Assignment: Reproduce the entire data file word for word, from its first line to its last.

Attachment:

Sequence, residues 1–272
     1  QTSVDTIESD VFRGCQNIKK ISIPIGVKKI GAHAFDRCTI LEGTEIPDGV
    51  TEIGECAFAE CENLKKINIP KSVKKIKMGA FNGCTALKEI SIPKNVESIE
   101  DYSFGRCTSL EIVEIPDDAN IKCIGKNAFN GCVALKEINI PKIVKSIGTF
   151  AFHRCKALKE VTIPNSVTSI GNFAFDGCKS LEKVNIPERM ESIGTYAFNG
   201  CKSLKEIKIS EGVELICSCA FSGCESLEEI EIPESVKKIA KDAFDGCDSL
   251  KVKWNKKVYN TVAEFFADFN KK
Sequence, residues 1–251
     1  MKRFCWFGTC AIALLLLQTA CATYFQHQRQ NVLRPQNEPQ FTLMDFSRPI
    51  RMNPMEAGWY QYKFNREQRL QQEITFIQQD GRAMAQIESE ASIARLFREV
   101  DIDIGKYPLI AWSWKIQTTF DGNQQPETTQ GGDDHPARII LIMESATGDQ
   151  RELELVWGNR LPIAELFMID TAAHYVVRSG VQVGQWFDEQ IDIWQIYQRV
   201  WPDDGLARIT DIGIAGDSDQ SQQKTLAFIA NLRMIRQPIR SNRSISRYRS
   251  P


Sequence, residues 1–272
     1  QTSVDTIESD VFRGCQNIKK ISIPIGVKKI GAHAFDRCTI LEGTEIPDGV
    51  TEIGECAFAE CENLKKINIP KSVKKIKMGA FNGCTALKEI SIPKNVESIE
   101  DYSFGRCTSL EIVEIPDDAN IKCIGKNAFN GCVALKEINI PKIVKSIGTF
   151  AFHRCKALKE VTIPNSVTSI GNFAFDGCKS LEKVNIPERM ESIGTYAFNG
   201  CKSLKEIKIS EGVELICSCA FSGCESLEEI EIPESVKKIA KDAFDGCDSL
   251  KVKWNKKVYN TVAEFFADFN KK
Sequence, residues 1–251
     1  MKRFCWFGTC AIALLLLQTA CATYFQHQRQ NVLRPQNEPQ FTLMDFSRPI
    51  RMNPMEAGWY QYKFNREQRL QQEITFIQQD GRAMAQIESE ASIARLFREV
   101  DIDIGKYPLI AWSWKIQTTF DGNQQPETTQ GGDDHPARII LIMESATGDQ
   151  RELELVWGNR LPIAELFMID TAAHYVVRSG VQVGQWFDEQ IDIWQIYQRV
   201  WPDDGLARIT DIGIAGDSDQ SQQKTLAFIA NLRMIRQPIR SNRSISRYRS
   251  P